Of course - your could take courses at the Bartender's Academy and pass your "Bar Exams" in about 6 months ....
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Old 04-25-2007, 01:23 PM   #8
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Quote:
Originally Posted by oppose
So long story short im in college for another 6-7 years or so till i can take the bar exam so in the meantime im thinkin of doing cooking school cuz then i could get a part time job cookin in the meantime. how hard is cooking school. i mean how much time in the week am i gonna have to spend on it.
I'd be signing up to some legal summer assciate programmes with firms and get experience exploring food in other cities, states, maybe even conutries. That way you get to explore food and improve your cv from now until you are ready for the Bar.
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Old 04-26-2007, 12:16 AM   #9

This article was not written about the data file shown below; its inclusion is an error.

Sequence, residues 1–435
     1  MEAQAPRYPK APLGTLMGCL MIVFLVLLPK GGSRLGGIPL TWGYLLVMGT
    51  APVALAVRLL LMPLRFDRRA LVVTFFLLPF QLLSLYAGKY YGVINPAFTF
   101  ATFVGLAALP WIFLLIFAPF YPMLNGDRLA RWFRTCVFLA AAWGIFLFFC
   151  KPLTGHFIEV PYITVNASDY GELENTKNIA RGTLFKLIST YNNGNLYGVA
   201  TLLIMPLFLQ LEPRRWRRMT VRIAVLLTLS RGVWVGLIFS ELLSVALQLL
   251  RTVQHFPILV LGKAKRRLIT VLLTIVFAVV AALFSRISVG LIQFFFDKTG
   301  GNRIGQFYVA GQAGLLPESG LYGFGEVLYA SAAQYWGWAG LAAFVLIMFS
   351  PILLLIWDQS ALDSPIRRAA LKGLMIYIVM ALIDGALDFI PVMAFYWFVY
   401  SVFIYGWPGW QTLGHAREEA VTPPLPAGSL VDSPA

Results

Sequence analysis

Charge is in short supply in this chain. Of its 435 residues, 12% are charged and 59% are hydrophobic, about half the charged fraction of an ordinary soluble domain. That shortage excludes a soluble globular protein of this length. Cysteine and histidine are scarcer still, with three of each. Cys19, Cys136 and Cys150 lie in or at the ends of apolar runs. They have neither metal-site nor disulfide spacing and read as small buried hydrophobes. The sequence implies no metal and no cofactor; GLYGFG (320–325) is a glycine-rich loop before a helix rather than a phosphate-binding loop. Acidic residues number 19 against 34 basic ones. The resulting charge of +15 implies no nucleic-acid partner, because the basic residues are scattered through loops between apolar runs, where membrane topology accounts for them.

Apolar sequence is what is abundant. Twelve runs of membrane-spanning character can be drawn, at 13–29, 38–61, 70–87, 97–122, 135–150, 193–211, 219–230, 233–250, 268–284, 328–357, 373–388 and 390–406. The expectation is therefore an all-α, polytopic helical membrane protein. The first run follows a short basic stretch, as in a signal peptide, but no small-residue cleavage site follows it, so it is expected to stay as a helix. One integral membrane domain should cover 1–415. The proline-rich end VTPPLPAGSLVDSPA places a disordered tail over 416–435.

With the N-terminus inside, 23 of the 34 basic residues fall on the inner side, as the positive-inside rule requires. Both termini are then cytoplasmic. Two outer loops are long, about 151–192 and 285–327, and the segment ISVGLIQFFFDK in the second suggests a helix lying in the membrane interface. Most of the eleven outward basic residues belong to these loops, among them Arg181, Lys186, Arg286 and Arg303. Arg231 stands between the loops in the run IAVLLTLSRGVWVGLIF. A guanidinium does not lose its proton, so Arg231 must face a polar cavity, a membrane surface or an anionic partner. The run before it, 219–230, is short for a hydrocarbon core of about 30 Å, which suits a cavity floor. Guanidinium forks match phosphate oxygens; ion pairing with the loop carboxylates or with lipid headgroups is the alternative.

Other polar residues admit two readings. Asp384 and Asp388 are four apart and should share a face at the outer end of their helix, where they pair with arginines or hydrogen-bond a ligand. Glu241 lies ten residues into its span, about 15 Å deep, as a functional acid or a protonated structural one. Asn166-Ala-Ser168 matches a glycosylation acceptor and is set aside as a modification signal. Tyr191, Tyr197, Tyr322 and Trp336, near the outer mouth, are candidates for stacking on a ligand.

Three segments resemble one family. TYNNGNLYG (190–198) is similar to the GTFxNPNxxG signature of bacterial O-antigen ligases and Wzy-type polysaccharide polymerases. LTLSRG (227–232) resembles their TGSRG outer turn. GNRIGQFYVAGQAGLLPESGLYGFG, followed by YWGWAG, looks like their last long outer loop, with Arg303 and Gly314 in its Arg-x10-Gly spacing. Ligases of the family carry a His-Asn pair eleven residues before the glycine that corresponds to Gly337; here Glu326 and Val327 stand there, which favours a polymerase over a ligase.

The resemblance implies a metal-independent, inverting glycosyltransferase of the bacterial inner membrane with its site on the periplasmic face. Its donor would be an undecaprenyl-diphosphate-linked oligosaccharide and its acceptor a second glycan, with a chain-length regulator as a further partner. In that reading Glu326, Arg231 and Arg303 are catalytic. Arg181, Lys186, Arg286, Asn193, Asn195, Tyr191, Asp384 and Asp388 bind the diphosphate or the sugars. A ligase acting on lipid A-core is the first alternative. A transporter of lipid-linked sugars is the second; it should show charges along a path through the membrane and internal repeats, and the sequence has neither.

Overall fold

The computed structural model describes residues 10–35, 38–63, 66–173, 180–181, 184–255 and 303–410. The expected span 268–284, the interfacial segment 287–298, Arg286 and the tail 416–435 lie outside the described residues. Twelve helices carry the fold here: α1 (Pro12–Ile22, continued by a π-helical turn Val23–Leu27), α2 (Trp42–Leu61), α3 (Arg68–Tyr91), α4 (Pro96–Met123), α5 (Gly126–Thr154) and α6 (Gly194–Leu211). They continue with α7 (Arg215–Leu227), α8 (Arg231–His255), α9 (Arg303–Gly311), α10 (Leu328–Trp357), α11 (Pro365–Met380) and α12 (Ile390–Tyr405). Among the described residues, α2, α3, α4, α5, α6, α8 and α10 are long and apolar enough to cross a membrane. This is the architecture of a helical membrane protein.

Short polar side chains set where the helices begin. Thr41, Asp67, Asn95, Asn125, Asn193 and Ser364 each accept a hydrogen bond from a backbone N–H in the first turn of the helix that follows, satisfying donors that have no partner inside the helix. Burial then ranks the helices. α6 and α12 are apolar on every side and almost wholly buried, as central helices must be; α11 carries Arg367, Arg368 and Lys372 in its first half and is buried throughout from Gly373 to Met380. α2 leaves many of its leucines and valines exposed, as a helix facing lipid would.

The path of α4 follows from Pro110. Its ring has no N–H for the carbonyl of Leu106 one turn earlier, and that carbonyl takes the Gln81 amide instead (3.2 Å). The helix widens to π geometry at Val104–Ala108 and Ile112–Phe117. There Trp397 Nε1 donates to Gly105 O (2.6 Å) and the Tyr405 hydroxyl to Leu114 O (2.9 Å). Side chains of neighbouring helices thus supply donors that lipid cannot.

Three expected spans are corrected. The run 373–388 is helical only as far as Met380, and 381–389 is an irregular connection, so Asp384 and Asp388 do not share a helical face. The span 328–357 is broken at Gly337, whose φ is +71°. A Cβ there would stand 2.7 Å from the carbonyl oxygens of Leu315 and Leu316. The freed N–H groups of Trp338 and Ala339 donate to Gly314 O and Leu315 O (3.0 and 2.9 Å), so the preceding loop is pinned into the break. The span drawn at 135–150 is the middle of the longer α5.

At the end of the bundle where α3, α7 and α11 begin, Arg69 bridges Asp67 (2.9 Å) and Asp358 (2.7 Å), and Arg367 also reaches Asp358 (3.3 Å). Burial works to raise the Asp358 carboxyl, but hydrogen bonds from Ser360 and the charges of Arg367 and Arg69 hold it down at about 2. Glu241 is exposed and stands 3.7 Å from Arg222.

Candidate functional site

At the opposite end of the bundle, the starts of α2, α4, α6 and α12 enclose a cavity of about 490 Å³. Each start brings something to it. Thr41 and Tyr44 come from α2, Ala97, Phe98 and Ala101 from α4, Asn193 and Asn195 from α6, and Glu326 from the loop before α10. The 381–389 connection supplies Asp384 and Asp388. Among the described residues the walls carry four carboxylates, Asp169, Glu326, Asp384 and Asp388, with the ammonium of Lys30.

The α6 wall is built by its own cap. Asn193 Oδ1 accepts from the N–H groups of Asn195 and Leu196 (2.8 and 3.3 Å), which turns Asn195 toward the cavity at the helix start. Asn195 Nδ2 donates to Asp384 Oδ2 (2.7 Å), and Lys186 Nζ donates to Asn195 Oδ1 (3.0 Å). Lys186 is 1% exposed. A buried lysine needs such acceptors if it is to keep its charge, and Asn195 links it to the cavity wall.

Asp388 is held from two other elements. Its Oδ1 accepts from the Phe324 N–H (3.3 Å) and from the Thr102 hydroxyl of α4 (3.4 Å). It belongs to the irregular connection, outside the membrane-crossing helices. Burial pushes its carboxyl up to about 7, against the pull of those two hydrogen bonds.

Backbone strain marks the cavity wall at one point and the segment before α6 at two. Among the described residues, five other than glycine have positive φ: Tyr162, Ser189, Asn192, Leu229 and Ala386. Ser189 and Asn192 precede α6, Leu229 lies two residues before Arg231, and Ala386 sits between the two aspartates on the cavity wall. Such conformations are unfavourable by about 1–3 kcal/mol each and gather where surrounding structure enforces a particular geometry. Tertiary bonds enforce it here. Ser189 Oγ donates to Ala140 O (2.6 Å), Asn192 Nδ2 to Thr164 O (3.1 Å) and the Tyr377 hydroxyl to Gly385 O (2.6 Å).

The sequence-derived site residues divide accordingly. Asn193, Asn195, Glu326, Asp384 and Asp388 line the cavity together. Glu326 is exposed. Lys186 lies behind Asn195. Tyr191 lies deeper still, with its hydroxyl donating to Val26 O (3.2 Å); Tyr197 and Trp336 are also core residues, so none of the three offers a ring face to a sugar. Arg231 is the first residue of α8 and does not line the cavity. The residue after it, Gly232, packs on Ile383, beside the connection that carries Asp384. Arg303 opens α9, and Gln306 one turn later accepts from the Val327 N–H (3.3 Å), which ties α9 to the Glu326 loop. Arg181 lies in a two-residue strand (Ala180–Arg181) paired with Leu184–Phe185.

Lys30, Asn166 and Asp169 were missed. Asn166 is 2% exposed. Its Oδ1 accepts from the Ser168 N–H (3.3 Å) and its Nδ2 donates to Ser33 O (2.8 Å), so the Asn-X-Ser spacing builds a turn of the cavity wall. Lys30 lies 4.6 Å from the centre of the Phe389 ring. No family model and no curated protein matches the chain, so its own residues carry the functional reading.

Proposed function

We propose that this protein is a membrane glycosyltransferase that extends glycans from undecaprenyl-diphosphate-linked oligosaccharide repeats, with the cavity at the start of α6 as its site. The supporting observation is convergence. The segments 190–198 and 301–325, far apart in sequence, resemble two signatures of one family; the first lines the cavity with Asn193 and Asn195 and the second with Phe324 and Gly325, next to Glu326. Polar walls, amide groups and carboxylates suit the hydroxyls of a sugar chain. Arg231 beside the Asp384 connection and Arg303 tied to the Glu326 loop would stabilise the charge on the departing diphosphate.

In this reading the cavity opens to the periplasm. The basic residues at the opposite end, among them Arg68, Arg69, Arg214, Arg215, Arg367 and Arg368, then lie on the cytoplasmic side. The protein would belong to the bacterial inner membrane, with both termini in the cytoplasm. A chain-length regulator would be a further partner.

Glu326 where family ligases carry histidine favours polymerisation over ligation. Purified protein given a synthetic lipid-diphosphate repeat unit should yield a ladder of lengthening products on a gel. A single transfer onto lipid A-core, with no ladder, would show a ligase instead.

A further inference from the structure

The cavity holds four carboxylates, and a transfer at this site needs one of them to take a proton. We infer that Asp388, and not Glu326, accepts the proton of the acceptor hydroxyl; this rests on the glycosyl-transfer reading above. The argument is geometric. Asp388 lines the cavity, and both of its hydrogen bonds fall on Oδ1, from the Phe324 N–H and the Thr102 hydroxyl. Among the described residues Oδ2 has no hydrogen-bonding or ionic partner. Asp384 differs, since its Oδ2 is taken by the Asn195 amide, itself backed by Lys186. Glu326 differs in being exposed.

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what are these summer legal programs you speak of? thanks everyone for your input.
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Old 04-26-2007, 03:48 AM   #10
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I'm presuming you are in USA....its not in your profile, but I'm guessing.

The big USA internations, and I presume large national or regional firms might too, offer work experience, often arranged through universities. This work gives you an insight to real life in a firm, and is often paid. If you find out if your university has such a scheme you might be able to get a placement in another state, or even country. For example, I've been on the commitee of my husband works to choose fun freetime stuff for some law students from a NY university to do in their two months in Milan and Rome this summer. Weekdays they'll work,most weekends the firms will arrange outings. Meanwhile the oppertunity to explore another country and research your interests in your freetime exists. For example, if one of the stdents that comes here this year has an interest in food, my guess is they will visit the food markets and eat out at different restaurants as much as possible, so that when they talk about how the Italians approach food and cooking they really know!